Atop the famous 1,600-meter Swartberg Pass the wind seemed as fierce as a twister and the snow fell in blizzards. I found the weather surprising, and my fingers quickly froze.
The young lads raced ahead, leaving Sasha and I behind. We enjoyed the views immensely. I later heard that the boys upset some ostriches on the road with all of their whooping and hollering, and for their sins, were chased into a ditch.
That afternoon we revved back up the Swartberg Mountains, this time on motorized quad bikes. We careened into bushes and splashed through muddy rivers on our way to the Cango caverns.
The Swartberg range boasts 56 cave systems. Most of these subterranean networks are closed to the general public in order to preserve the exquisite crystalline formations within. But the Cango caves, the largest of all the complexes, are open to everyone.
Accompanied by a guide, we ventured into giant concert hall hollows where acoustical conditions are perfect for singing. We then went on to a secret cave called the Glittering Grotto. This is a special place that requires squeezing through some tight spaces, and at the end of an hour-long crawl we ended our adventure in a beautiful white chamber where thousands of delicate sculptures grew from the ceiling like crystalline teeth.
Sunrise over the Karoo is a beautiful thing. Even more so if you’re in a balloon. Below us, herds of ostrich raced across the fields trying to avoid the touch of our shadow. We spent an hour in the basket, enjoying the silence and the scenery before making a slow descent towards the ground. We drank champagne and then had some tea before I once more took to the skies, only this time in something a little less sedate.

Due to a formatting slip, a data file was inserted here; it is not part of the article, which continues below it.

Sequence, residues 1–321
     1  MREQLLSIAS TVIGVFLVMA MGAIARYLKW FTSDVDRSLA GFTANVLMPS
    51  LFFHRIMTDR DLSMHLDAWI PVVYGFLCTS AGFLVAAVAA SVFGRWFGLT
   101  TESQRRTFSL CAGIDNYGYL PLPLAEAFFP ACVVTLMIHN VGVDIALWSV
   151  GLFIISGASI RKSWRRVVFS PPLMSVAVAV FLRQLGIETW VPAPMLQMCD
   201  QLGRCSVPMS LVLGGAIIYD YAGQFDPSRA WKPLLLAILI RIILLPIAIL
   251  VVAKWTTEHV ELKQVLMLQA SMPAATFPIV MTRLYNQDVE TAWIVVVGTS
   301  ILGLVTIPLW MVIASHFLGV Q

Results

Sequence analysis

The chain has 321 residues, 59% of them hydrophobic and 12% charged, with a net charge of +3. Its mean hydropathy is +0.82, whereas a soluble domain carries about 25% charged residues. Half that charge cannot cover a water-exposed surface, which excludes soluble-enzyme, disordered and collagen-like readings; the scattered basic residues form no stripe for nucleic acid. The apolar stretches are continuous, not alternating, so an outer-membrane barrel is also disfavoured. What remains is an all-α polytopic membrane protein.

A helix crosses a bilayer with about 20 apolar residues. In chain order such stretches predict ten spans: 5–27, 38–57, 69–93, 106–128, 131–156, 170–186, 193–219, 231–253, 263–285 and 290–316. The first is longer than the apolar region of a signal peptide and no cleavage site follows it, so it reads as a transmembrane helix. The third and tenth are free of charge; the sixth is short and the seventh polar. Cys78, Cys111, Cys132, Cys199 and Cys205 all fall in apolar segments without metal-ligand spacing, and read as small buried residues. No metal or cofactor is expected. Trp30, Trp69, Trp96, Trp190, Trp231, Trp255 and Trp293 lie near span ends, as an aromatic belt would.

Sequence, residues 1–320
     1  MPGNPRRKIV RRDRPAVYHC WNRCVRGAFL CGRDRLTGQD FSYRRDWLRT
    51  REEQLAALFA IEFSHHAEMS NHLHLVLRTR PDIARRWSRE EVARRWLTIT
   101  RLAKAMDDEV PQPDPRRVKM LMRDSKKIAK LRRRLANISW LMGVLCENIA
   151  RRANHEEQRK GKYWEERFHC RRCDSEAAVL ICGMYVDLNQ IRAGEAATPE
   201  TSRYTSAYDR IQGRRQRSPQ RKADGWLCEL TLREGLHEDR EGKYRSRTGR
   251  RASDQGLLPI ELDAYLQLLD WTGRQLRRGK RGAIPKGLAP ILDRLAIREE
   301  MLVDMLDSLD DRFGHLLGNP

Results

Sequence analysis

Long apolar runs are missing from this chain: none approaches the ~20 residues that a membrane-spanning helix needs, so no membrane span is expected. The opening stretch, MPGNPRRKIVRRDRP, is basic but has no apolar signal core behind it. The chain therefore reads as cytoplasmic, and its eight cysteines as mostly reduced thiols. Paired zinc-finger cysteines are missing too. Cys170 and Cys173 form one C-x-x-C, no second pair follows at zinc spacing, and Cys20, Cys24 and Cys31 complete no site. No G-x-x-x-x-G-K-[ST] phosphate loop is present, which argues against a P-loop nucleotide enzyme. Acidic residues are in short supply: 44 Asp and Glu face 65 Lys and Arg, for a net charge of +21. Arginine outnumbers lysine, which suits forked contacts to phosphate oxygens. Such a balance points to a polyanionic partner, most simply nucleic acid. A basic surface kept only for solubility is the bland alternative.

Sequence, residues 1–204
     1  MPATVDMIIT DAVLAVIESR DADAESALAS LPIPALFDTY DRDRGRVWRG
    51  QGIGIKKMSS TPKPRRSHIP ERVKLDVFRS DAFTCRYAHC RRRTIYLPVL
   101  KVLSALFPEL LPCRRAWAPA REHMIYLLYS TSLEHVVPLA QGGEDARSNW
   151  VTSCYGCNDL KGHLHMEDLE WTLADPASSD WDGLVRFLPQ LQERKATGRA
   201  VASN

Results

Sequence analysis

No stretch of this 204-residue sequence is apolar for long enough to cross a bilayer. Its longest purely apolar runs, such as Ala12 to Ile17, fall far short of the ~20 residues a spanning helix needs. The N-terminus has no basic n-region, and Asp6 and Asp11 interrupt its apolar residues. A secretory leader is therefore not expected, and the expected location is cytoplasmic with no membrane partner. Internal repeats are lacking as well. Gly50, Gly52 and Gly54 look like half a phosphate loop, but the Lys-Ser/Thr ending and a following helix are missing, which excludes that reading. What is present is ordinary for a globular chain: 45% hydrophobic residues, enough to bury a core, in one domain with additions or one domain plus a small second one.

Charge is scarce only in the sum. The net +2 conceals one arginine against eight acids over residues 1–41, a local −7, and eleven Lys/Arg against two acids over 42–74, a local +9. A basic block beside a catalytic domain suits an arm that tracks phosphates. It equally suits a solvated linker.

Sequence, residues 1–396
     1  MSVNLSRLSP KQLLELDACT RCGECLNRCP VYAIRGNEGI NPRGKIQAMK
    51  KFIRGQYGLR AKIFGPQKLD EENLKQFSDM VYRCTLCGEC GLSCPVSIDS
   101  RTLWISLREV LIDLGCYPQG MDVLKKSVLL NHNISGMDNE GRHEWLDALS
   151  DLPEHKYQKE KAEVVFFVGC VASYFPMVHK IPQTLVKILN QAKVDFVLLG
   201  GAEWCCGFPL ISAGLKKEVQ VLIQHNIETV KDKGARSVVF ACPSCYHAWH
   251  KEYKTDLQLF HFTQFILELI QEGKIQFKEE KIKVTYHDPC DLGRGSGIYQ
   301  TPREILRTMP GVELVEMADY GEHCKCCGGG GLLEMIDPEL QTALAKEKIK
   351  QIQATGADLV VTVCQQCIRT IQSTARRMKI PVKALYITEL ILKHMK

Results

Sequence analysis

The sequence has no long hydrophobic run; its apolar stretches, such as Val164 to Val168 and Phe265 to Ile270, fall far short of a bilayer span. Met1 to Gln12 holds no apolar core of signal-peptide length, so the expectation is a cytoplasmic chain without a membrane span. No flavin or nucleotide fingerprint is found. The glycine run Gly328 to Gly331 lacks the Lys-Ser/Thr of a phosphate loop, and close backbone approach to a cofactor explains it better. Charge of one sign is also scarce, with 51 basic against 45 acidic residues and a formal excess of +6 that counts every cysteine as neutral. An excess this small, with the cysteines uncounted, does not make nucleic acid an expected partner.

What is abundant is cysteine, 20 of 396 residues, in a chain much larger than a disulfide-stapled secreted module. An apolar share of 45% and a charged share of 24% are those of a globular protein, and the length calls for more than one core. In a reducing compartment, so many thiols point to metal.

“I’m going to cut the engine and show you what we would do in an emergency landing,” shouted Herman over the din of the microlight prop. We swooped and swerved while the ground, hundreds of feet below, swiveled and swirled.
“That was fun, wasn’t it?” he asked. I swallowed hard and agreed. Herman Marincowitz has been flying microlights for six years and is one of the best pilots around. Last year he flew across the whole of South Africa just for fun.
I was so enraptured by the experience of flying in such a tiny machine over such spectacular landscapes that I completely forgot to be afraid. So this is what it feels like to be a bird? Upon landing, I paid for another tour and did it again.
Our fifth and final day in Oudtshoorn was spent hugging big cats at a zoo which is also a cheetah farm. We climbed up cliffs and abseiled back down, kayaked in lakes, swam down ravines and wallowed in waterfalls. Oudtshoorn is a microcosm of everything that is South Africa, with the exception of ocean activities. But where else on earth can you do all those things and then end your stay with one last lap on a nine-foot-high bird?